(This recipe is adapted from Joy of Cooking)
- 3–7 Japanese eggplants, the long thin kind
- olive oil
- 3–5 fresh tomatoes
- garlic 1:1.5 ratio, one eggplant to 1.5 cloves of garlic pressed
- lots of fresh ground pepper
- feta cheese (I prefer French sheep milk feta, it is less salty and softer) If you won’t be using this kind, your dish will be saltier, so use less salt in your preparation.
Heat ¼ cup or more of olive oil in a non–stick or well–seasoned cast iron pan on medium heat. Slice the eggplants lengthwise in long thin oblong strips about 3–4 per eggplant. Slash them with a knife on the pulp side two or three slashes per strip and give them a quick slight dash of salt. Place them in the hot oil and fry them until they are reddish brown on both sides. Layer them into a glass baking or other nice baking dish, one layer only, so use a larger dish if you need to. Grind fresh pepper over each wedge. When all the eggplant has been fried, empty the oil out of the pan and grate the tomatoes, with a cheese grater over the pan, this is the quick way to peel tomatoes, because the skin stays in your hand and the pulp goes in the pan. Heat the tomato pulp on medium for awhile. You are trying to burn off the liquid, stir frequently. You shouldn’t need to add olive oil, because the pan was previously coated in it. Add the pressed garlic and a dash of salt. Let this cook down until it’s mostly a thick pulpy sauce, not too watery, 20 minutes perhaps. Spoon the tomato sauce over the eggplant and sprinkle the dish with the feta. Cover with an oven–safe lid or aluminum foil and cook in the oven at 375º for about 20 minutes. Serve with a nice fresh salad and some corn on the cob and good bread to soak up the juices.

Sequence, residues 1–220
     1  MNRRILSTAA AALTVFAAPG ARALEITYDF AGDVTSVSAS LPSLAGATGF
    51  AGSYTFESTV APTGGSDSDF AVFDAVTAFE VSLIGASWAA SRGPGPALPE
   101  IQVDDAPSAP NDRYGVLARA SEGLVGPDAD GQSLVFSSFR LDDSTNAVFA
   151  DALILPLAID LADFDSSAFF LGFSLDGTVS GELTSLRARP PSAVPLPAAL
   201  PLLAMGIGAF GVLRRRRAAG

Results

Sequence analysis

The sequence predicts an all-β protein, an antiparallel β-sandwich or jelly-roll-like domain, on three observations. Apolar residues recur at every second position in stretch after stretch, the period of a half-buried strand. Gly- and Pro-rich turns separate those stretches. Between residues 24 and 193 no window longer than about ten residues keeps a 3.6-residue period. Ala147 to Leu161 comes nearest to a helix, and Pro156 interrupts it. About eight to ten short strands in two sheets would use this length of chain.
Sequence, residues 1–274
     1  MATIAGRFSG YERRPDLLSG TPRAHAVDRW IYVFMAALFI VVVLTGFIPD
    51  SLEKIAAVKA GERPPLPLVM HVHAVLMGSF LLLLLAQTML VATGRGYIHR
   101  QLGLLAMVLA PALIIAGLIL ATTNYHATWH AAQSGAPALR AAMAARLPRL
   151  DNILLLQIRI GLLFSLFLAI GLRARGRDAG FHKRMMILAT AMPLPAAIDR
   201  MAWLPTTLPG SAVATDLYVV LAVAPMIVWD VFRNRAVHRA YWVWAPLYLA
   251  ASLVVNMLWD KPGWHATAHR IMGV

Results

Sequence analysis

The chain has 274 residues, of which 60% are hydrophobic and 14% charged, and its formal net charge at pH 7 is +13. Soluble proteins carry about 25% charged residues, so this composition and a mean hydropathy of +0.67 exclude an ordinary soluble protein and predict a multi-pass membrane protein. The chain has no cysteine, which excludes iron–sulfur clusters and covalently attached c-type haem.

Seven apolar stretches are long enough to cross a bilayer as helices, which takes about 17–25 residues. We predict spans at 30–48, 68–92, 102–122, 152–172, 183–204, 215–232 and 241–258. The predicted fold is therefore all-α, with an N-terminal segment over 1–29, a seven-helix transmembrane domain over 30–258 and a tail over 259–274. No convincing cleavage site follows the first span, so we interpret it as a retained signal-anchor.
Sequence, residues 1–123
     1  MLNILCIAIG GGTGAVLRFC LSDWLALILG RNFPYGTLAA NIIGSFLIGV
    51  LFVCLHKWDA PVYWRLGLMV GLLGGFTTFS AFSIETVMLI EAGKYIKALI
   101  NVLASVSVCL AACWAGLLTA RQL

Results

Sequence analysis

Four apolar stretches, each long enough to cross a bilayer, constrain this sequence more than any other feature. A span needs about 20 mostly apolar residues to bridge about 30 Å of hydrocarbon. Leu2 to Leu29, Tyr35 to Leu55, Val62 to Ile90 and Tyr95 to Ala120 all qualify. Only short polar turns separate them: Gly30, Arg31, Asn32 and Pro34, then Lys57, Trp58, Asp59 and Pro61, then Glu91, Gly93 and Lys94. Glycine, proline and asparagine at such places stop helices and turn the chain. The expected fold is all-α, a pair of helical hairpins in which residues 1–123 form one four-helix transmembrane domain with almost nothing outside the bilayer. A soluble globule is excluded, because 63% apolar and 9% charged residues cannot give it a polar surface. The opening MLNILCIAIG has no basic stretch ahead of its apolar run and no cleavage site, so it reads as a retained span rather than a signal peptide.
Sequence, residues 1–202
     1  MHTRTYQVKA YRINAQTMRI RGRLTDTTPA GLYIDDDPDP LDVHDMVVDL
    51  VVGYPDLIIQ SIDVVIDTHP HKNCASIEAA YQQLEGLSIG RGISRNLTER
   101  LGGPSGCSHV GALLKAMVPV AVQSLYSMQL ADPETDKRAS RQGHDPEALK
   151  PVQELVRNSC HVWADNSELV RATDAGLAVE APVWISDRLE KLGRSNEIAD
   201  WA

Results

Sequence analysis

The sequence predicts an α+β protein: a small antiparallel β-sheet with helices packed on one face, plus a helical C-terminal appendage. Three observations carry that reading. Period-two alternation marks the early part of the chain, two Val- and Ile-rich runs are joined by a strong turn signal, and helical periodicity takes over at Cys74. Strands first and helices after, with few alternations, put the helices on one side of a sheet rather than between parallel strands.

Eggplant Realities and Recipes
All the eggplant dishes I cook require the following knowledge; picking the proper eggplant is what makes the difference between a dish that is bitter and one that is sweet and lovely tasting. Whether the eggplants are Japanese style or your traditional fat purple variety; the key is how heavy they are. The only proper way to pick an eggplant is to get involved in the veggie bin or with your farmer. If you are at your local market you may need to rearrange or make a mess for the grocery clerk to deal with. I actually recommend budgeting the time to arrange the eggplants back when you are done so as to ensure future harmony between yourself and the person who stocks your groceries. The deal is, you have to pick up every eggplant and compare it with every other eggplant. The heavier ones go in the reject pile, the lighter ones go in the keep pile. If there are ten eggplants and you only want three, after you’ve selected the five lighter ones, repeat the process with your remaining five until you’ve got the three lightest eggplants. If they are all heavy, make a different dish because it just isn’t worth the time and effort. All the eggplant recipes I know take hours to make, (with the exception of this recipe and Baba Ghanoush) so if you don’t have a good eggplant to start with, why bother?